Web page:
Hi, My name is DeKhari. I am a psychotherapist with over 5 years of experience working as a mental health clinician and over 10 years of professional experience mentoring and coaching LGBTQ+ folx. My specialties include navigating trauma recovery, mindfulness and racial, sexual,  gender and spiritual identity. I work best with individuals who are ready to get unstuck and work toward defining who “they be” based on their resilience and not their trauma. With practical, engaging therapeutic practices for emotional regulation and self-awareness, it is my hope that you will re-discover the power of being uniquely you — without having to conform to the limiting ideas and narratives of others. It is my honor to walk alongside you during this pivotal time in your life.

As a mental health provider and 2Spirited Black man of trans experience, I understand the impact of being underrepresented in the healthcare field. I believe a safe and culturally responsive therapeutic space can be a powerful way to reclaim one’s health and foster individual and generational growth.  In addition, I honor the importance of viewing my clients’ racial sexual, gender and spiritual identity as not separate parts of themselves, but as one intersectional identity.  I have a keen understanding of the multiple layers that underrepresented folx experience within their social, spiritual, religious, and community roles.

My passion lies in supporting clients through liberation and building meaningful social connections within the context of their own lives. It is monumental for clients to expand their capacity for joy, to celebrate their identities and to create and sustain a healthy perception of self. This healing process reflects the powerful dynamics of acknowledging the adversities in their lives, while at the same time building coping tools. Our work together will identify areas where survival tactics may have led to behaviors such as over compensating, perfectionism and/or the labor-driven mentality. As we deconstruct the complexities of biased ideologies, the deep healing from white supremacy tends to take shape.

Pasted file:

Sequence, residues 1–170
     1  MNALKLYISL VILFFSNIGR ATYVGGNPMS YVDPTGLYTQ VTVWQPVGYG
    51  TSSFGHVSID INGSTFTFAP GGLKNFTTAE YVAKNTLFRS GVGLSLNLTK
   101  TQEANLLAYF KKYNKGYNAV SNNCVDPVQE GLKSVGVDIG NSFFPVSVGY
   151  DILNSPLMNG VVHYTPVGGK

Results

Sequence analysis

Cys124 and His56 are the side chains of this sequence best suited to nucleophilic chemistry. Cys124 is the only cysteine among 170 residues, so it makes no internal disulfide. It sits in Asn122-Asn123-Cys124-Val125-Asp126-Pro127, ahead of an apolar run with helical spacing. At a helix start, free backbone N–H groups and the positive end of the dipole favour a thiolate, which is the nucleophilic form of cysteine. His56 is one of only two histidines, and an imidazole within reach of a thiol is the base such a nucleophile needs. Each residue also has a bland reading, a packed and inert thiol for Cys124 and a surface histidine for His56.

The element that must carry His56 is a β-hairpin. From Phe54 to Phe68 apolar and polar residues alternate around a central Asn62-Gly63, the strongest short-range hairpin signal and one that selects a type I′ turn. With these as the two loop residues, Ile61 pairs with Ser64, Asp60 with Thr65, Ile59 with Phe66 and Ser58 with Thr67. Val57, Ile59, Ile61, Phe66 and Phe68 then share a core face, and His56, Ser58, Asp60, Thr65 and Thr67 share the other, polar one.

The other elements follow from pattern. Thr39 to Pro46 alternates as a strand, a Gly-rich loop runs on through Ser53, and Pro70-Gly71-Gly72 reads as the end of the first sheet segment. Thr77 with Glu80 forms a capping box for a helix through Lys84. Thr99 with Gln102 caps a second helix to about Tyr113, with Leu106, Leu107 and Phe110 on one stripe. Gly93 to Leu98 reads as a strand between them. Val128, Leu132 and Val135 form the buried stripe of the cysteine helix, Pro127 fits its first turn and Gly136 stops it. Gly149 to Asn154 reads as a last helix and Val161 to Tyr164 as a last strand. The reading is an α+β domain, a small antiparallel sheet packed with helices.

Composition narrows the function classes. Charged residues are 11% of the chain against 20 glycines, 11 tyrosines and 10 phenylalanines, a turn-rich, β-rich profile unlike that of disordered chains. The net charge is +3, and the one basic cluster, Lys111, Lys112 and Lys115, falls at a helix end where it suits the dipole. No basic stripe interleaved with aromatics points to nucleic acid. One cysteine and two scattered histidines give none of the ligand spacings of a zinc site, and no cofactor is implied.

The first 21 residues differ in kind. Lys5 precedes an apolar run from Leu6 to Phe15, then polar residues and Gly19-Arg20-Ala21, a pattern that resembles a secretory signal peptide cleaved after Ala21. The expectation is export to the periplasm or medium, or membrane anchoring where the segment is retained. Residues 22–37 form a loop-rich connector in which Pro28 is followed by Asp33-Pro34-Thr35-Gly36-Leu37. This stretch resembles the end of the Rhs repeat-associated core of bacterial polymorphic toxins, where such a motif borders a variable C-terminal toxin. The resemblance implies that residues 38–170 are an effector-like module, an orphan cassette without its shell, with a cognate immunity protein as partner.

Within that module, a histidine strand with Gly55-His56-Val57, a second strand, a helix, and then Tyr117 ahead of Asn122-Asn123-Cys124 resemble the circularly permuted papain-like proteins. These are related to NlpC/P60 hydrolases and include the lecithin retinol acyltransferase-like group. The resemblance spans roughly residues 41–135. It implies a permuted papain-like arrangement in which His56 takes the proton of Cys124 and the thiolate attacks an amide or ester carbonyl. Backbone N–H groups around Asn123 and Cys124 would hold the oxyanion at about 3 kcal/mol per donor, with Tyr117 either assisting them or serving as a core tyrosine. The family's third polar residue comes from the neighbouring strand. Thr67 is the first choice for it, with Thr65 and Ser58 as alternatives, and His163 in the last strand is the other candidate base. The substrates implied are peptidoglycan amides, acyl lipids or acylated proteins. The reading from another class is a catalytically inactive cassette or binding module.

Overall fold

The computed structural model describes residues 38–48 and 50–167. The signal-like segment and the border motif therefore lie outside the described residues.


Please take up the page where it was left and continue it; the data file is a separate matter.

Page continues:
As BIPOC, LGBTQ+ and spiritually attuned individuals, it is common to be silenced by white supremacist ideology and the idea that we are “too radical.” This can cause intense self-esteem issues, internalized hatred and abandonment, or rejection issues for all of us. The media is infiltrated daily with microaggressions and racial gaslighting with the message that we should change and morph to cultural norms. This systemic oppression is an example of the trauma that we can work through together while in therapy. 

I also incorporate body sensory awareness, or somatic-based therapy. I believe that by indulging in somatic work we are acknowledging our cultural lineage and our origins of strength and fortitude —we are energetically tapping into the depths of “who we be.” This integrative approach is helpful for addressing dissociation, anxiety and trauma reactions, which are often carried in the body and show up as health disparities in BIPOC communities.

Some of the methods I use in sessions include behavioral modification, solution-focused, motivational interviewing, and cognitive behavioral therapy. If utilized in a culturally responsive way, these methods can help folx of marginalized identities deconstruct systemic ideas of how one “should” act to appease others, learn how to approach problems and/or concerns with priority and practicality, and  explore their dreams, ambitions and image of life beyond social limitations. Together we will process your thoughts and work to align behaviors with your true intentions.